The Revenge of the Food Truck That Ate LA (the Feast of the Chicken)

March  6, 2013
0 Ratings
  • Serves 8 I hope
Author Notes

My previous taco recipe called for beef. But I did want to begin to work poultry into the “feast”. Here we have food truck barbecue chicken tacos with kimchi. They are delicious. The chicken portion of the recipe is closely adapted from The Kimchi Chronicles by Marja Vongerichten. The recipe works so well that I only gave it a couple of small tweaks. From that foundation we move on to serious tacos. You will need to use real hardwood charcoal and if possible wood chips (cherry being great) for your fuel. My recipe calls for chicken thighs. Cook more than you will need for the tacos and enjoy some thighs while they await the following day’s meal.
For grilling, bank your wood coals up to one side. Soak the (cherry) wood chips in water for about an hour and place those on top of your hot coals---the smoke will really crank up. And this is a hot smoke recipe. Keep your chicken thighs away from the space directly over the coals. You will need to do this in batches occasionally adding more coals and chips. The thighs will be done when they hit 160F measured by an instant read. —pierino

What You'll Need
  • 8-10 chicken thighs, skin on bone in (about 4 pounds), allow one thigh per taco
  • 1 cup water plus 2 tablespoons salt
  • 1/4 cup gochujang (red pepper paste)*
  • 2 tablespoons sesame oil
  • 3 tablespoons gochugaru (Korean pepper powder)**
  • 1/2 cup orange marmalade
  • 1/4 cup soy sauce
  • Splash dry white wine
  • 2 tablespoons fish sauce (such as Three Crab)
  • 6 garlic cloves finely minced
  • 8-10 medium flour tortillas
  • About 6 ounces cotija cheese crumbled
  • About 8 ounces best quality kimchi (use that Hawaiian crap only as a last resort)
  • Kim™ hot sauce or other good hot sauce. Kim™ is heavy on the pepper paste as opposed to the vinegar.
  1. In a large bowl combine the pepper paste, powdered red pepper, sesame oil, marmalade, soy sauce, wine, garlic and fish sauce. Whisk this together. Because of the gochujang this mixture will be very gooey and very sticky.
  2. Make your brine by dissolving the salt into boiling water. Inject this mixture into the thickest part of the thighs.
  3. A few pieces at a time plunge the thighs in the sauce, coating well and transfer to a platter to refrigerate for 6 hours.
  4. Start your wood fire, again banking the coals and soaked wood chips to one side. Place the thighs on the outside margin of the hot coals, but not directly over. They won’t all fit at once so you will have to do them in batches. Cover. Turn once and once only. If I see you flipping these guys I’m going to smack you with my spatula and it will leave a mark.
  5. The thighs are done when the fleshiest part reads 160F on an instant read thermometer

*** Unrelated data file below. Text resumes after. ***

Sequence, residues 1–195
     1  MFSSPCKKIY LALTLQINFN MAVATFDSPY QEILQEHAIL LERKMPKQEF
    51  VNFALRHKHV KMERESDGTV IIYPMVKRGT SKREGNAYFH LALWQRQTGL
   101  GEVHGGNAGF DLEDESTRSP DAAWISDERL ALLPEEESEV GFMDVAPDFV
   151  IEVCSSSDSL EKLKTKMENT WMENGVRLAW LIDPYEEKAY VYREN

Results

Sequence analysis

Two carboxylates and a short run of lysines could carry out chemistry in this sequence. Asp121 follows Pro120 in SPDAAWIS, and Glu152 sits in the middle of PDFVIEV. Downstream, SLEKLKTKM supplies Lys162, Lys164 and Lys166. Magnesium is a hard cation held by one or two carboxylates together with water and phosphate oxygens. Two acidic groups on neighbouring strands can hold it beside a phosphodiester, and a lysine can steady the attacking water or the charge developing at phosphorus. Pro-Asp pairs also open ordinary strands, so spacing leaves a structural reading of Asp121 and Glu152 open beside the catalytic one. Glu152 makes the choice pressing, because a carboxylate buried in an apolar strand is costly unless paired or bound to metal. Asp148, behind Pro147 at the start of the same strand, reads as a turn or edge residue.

6. On the following day, using a sharp knife and a fork remove as much meat as you can from each thigh. Cut or shred the meat into small pieces. Warm in the oven or in a microwave.
  7. Arrange your tortillas in such a way that’s easy to scoop in the fillings (see photo). Add the thigh meat and a squirt of hot sauce if desired. Follow that with the cotija cheese and finally the kimchi. You might want to run these through the microwave again, but for no more than 30 seconds.
  8. *I’m sorry but I’ve not yet been able to find a substitute for the gochujang. It is very sticky and perfect for this chicken preparation.
  9. **For gochugaru you are safe substituting a Spanish pimenton, maybe ahumado (smoked)

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  • LeBec Fin
    LeBec Fin
  • pierino
Standup commis flâneur, and food historian. Pierino's background is in Italian and Spanish cooking but of late he's focused on frozen desserts. He is now finishing his cookbook, MALAVIDA! Can it get worse? Yes, it can. Visit the Malavida Brass Knuckle cooking page at Facebook and your posts are welcome there.

2 Reviews

LeBec F. March 8, 2013
p,i am fascinated by this! but i need to ask some questions:
-why not leave the chicken in the mixture to marinade/why lift it out?
-is overnight o.k.? -i don't see strong acids that would cause the chick to get mushy)
-you do want to use your brine after it has cooled,yes?
-tell me about injecting; i know not of it.
( why not brine for longer? and does the brine spread throughout the thigh from one injection point?)
- why not have the thighs over the fire? if they're not on the fire, are you aiming for a low heat/long time smoking of a few hours?that would be very time consuming to do in batches.....
We use wood chips over coals and then we grill salmon or steak directly over the coals, and they each get plenty of smokey flavor.....
TIA for the education. love the orange and soy element.

pierino March 8, 2013
Le Bec Fin, the chicken can only improve with an overnight marinade but it is a sticky, gooey one and not a wet one. The brine is injected before you place the meat on the grill. I've been fooling around with internal brines for a year or so. The injector looks like a big hypodermic needle, like the ones they use for a spinal tap. They are inexpensive and rather easy to find. The idea behind the internal brine is to keep the meat moist from the inside. It works.
Yes, it is slow and time consuming. Figure perhaps an hour for each batch. Depending on the size of your grill you might need to move the thighs back and forth closer to the heat source---but don't turn them more than once. You might also cut the recipe in half for faster grill to table presentation. But the theme is "feast" so cooking enough chicken for two days is part of the plan.
In the photo above there are those little arrow buttons so you can see the chicken at different stages and the final result. Thanks for asking.